Code:
    82cc0150 aa              stos    byte ptr es:[edi]
    82cc0151 82e851          sub     al,51h
    82cc0154 fa              cli
    82cc0155 e0ff            loopne  nt!NtWriteFile+0xb (82cc0156)
    82cc0157 33f6            xor     esi,esi
    82cc0159 8975dc          mov     dword ptr [ebp-24h],esi
    82cc015c 8975d0          mov     dword ptr [ebp-30h],esi
    82cc015f 8975a4          mov     dword ptr [ebp-5Ch],esi
    82cc0162 8975a8          mov     dword ptr [ebp-58h],esi
    82cc0165 64a124010000    mov     eax,dword ptr fs:[00000124h]
    82cc016b 8945bc          mov     dword ptr [ebp-44h],eax
    82cc016e 8a983a010000    mov     bl,byte ptr [eax+13Ah]
    82cc0174 885dd4          mov     byte ptr [ebp-2Ch],bl
    82cc0177 8d4594          lea     eax,[ebp-6Ch]
    ...
    This is no longer the 82cc014e we gave it before but now changed to 82cc0150. Notice that all the instructions have changed to accommodate this difference.

    If you need the explanation now for what we (or rather, the Disassembler window) just did and why, you'll need to understand what code is all about. I'm sure you know well about C++, Java, etc., all those different types of code. Well, eventually it all has to be reduced one way or another into simple instructions (opcodes) for a CPU to interpret. Each instruction varies in size, but in essence really the whole thing ends up being just a bunch of bytes sitting next to each other which is parsed by an interpreter that will be determined as code. An example of this would be as followed:

    sallysellsseashellsbytheseashore

    You are able to naturally interpret this, but it's much easier to add spaces:

    sally sells sea shells by the sea shore

    What you did naturally in your head was interpret a string of characters into words and space them so that they are viewed as words in a sentence, not as a string of random characters in the english alphabet. The same applies to a computer interpreter, which interprets a bunch of bytes as code by parsing it appropriately.

    Now concerning offsets, imagine if I took the same sentence, and then placed the spaces differently by starting in a different spot. Instead of "sally", let's start at "ly" in "sally". Since "ly" isn't a valid word, let's add "sells" to it and make it a name with a possessive, "Lysell's" (weird name, I know, work with me though). The result is:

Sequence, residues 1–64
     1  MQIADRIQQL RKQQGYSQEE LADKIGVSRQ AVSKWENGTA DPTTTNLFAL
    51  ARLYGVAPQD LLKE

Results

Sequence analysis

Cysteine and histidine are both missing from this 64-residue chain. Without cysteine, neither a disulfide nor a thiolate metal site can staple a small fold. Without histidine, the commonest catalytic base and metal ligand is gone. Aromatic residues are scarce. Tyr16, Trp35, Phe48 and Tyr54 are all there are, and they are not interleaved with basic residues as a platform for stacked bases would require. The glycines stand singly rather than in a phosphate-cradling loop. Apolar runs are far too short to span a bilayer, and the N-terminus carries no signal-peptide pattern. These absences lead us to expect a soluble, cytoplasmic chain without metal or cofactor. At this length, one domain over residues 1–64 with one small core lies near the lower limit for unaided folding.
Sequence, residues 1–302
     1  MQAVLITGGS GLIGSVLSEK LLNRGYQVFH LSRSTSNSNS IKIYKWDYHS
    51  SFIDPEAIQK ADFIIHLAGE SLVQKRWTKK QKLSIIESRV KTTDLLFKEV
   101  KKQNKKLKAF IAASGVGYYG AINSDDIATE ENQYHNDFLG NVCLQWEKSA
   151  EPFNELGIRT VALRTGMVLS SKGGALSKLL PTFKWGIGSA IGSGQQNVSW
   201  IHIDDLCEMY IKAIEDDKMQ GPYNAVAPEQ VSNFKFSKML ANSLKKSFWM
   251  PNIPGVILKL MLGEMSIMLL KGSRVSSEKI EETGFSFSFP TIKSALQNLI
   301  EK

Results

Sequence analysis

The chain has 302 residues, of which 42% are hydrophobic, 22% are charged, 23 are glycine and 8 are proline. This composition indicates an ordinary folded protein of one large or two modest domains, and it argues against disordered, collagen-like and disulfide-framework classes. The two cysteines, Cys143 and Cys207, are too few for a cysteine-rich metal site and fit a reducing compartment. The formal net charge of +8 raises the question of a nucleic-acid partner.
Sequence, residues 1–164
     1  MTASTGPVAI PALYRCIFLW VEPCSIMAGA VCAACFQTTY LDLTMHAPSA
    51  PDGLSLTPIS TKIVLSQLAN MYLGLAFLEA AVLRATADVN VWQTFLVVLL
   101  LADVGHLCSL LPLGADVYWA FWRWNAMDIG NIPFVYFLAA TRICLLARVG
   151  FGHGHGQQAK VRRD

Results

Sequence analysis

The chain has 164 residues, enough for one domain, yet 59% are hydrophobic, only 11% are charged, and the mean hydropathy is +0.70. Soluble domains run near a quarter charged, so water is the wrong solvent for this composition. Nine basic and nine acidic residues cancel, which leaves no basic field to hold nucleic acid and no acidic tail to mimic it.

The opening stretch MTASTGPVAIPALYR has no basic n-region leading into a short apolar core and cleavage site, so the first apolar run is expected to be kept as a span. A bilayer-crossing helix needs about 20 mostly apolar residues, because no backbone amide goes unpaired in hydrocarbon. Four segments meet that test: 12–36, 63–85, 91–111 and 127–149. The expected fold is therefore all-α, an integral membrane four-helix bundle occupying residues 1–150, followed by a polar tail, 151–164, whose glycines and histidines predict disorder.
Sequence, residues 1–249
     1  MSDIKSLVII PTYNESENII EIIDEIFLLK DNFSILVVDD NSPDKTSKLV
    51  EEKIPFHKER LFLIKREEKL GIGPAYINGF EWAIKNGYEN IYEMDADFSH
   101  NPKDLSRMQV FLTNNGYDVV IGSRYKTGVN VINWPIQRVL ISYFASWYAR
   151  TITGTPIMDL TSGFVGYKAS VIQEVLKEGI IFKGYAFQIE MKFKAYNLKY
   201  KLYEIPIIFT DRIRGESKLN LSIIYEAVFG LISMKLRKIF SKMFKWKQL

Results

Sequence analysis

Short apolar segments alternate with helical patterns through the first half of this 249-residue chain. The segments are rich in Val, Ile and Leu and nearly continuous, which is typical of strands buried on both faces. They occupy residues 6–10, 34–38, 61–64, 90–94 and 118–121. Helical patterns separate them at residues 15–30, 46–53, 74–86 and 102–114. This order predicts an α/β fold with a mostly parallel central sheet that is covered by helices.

Lysell's sea shells by the sea shore

    The meaning of the sentence is changed completely. Sally is replaced by Lysell, and no one's selling any sea shells anymore. Just from offsetting it a couple letter by starting with the 'L' instead of the 'S' in 'Sally' something different takes place. A better explanation would be if the change altered every single word in the sentence, even if they all are seemingly random words that appear arbitrary. That's what happens when you give a different offset than what is actually valid. The characters can still form into coherent words, but the statement appears garbled. Try running English text through Babelfish into a different language then back to English several times to see what it means to have coherent words in an incoherent phrase just by misinterpretations of the meanings. Another example is moving the decimal place in a number to change it into a completely different number.

    So now that I've explained that, we see an example of it here in the Disassembly window. The adjustments have been made and now we're at another point of reference than the one we initially gave it. Now you should see that the Previous button is available and you can scroll backwards. Let's do that once:

    Code:
    82cc013d 8bc3            mov     eax,ebx
    82cc013f 5f              pop     edi
    82cc0140 5e              pop     esi
    82cc0141 5b              pop     ebx
    82cc0142 c9              leave
    82cc0143 c21000          ret     10h
    82cc0146 90              nop
    82cc0147 90              nop
    82cc0148 90              nop
    82cc0149 90              nop
    82cc014a 90              nop
    nt!NtWriteFile:
    82cc014b e90091ab12      jmp     dump_wmimmc+0x5250 (95779250)